IGF 2023 WS #231 Realizing the right to social security in a digital world


Human Rights & Freedoms
Digital Technologies and Rights to Health
Non-discrimination in the Digital Space

Organizer 1: Francesca Feruglio, ESCR-Net
Organizer 2: Richmond Bishop Imogen , Amnesty International

Speaker 1: Kiira Brian, Civil Society, African Group
Speaker 2: Bonareri Onyancha Damaris, Civil Society, African Group
Speaker 3: Curcic Danilo, Civil Society, Eastern European Group
Speaker 4: de Brigard Juan, Civil Society, Latin American and Caribbean Group (GRULAC)
Speaker 5: Richmond Bishop Imogen , Civil Society, Western European and Others Group (WEOG)


Francesca Feruglio, Civil Society, Western European and Others Group (WEOG)

Online Moderator

Francesca Feruglio, Civil Society, Western European and Others Group (WEOG)


Richmond Bishop Imogen , Civil Society, Western European and Others Group (WEOG)


Round Table - 90 Min

Policy Question(s)

a) How does digitization and the introduction of automation impact on the right social security, equality and data protection?
b) How have courts and quasi-judicial bodies tackled human rights issues arising from the introduction of digital systems?
c) What considerations do policy-makers need to take into account when introducing automated systems for the delivery of public services?
d) How could they strike a better balance between increasing efficiency of public systems and meeting the needs of most marginalized groups and individuals?

What will participants gain from attending this session? Participants will gain a better understanding of the challenges brought about by the introduction of automation and digitization across public sectors, with an emphasis on the impacts on welfare systems and the rights to social security and equality. They will also learn about strategies and tools that have been successful in ensuring that the introduction of these systems is in line with human rights obligations states have under international treaties and conventions. The roundtable will invite participants from other sectors, such as representatives of states and intergovernmental organizations, to dialogue with the speakers and share perspectives that can strengthen policy and practice around the digitalization of public services.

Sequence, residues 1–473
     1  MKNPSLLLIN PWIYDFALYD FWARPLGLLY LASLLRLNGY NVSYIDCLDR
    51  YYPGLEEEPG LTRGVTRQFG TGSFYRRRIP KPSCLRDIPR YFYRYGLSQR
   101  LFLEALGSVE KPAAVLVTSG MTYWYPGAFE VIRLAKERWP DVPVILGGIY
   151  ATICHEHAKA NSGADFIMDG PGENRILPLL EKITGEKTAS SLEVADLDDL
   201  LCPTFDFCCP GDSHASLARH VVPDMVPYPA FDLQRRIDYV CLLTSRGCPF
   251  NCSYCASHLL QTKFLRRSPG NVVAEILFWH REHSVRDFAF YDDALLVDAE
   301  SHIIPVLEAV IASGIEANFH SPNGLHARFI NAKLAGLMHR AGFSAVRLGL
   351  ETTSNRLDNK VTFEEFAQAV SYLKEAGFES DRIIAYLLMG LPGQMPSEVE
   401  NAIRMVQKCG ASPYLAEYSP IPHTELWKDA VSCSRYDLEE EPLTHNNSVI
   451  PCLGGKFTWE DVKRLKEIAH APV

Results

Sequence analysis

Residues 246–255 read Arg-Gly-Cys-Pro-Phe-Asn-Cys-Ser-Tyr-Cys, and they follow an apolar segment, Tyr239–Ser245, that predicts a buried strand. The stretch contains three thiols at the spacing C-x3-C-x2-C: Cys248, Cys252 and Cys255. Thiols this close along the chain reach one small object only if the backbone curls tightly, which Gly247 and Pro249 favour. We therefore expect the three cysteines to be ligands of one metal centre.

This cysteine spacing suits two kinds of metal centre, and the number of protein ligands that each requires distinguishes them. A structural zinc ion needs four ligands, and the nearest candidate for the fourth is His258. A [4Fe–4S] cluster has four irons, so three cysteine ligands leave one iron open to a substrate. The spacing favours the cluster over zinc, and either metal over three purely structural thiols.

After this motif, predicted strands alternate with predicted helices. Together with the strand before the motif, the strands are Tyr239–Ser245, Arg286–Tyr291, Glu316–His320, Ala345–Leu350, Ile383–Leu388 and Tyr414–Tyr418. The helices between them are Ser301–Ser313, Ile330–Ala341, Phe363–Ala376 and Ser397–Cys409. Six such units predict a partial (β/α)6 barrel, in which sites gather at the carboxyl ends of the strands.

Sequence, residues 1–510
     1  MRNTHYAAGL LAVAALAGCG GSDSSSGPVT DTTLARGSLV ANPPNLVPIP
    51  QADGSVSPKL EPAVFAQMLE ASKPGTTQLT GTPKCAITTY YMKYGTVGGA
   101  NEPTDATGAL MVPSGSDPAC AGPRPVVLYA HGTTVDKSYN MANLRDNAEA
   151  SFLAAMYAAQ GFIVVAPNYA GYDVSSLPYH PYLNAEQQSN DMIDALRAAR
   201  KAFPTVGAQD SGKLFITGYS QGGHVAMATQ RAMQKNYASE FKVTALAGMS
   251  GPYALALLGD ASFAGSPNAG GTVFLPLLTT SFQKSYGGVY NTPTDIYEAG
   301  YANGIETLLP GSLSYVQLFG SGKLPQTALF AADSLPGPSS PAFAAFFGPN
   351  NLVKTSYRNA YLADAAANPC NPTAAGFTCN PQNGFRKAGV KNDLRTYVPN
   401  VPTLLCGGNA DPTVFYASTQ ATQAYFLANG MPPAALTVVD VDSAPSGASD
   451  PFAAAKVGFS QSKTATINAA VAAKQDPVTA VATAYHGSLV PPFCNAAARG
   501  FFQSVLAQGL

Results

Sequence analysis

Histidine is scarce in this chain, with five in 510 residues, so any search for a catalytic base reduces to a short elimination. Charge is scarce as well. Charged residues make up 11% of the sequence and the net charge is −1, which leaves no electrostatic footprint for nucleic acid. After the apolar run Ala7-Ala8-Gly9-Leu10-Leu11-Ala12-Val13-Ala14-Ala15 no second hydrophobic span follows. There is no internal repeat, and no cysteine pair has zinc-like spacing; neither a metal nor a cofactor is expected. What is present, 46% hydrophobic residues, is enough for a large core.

Digital technologies and AI systems are increasingly being introduced as neutral, technocratic solutions that can make public service delivery more effective and efficient. However, a large body of work and literature shows that they often exacerbate inequalities and hinder access to essential public services due to challenges related to, among others, the way in which systems are designed, the dataset on which they are trained, and the “digital divide” and gaps in internet access among social groups who are most likely to require these services etc.

The roundtable will discuss how digitization and automation of public sector welfare and social assistance systems in Serbia, Kenya, Uganda and Colombia has led to the mass-scale exclusion of beneficiaries – particularly marginalized groups such as persons with disabilities, ethnic minorities, women, and elderly population - and the implications for the rights to social security, equality and data protection, as well as related SDGs. Human rights experts will share their experiences challenging harmful digitization through courts and other quasi-judicial human rights bodies in the abovementioned countries, drawing from their individual work as well as a collective legal opinion submitted to the Serbian Constitutional Court by ESCR-Net in 2022. To ensure better engagement of all participants, the discussion will be expanded to invite participants to share reflections on other public services that are essential in fulfilling human rights and the SDGs, and which rely increasingly more on the use of automation, for instance housing, food, education, health etc,

Some of the questions that will be explored in the discussion are: what new challenges do digital technologies pose to economic, social and cultural rights and related SDGs? How have courts and human rights bodies responded to these challenges? What new collaborations and synergies can be used to address these challenges?

Expected Outcomes

Insights and contributions shared by experts and participants during the session will feed into a written brief on the automation of public services aimed at civil society, policy-makers and relevant stakeholders. We will invite participants to share email addresses and contacts, and interested participants will be contacted after the session to help shape the brief. This will be translated into 4 languages (in Eng, Spa, Fr, Ar) and disseminated among IGF and session participants, as well as ESCR-Net members (about 280 human rights organizations, social movements and individuals from over 80 countries).

Hybrid Format: The facilitators will draw from their experience and skills in delivering hybrid events that are highly engaging and relevant to different audiences. There will be specific check in points throughout the session to allow for interaction between online and onsite participants and this will be structured in a way that ensure collaborations and effective dialogue. For example, we are considering using Menti or other similar tools that participants can utilize on their mobile phones regardless of their mode of participation. Lastly, a concrete plan for collecting and sharing the findings of the session will be introduced at the beginning of the discussion and will help ensure closer collaboration among participants.
While a 90-minute roundtable would allow for quite in-depth discussion, we are also open to considering a 60-minute session if necessary.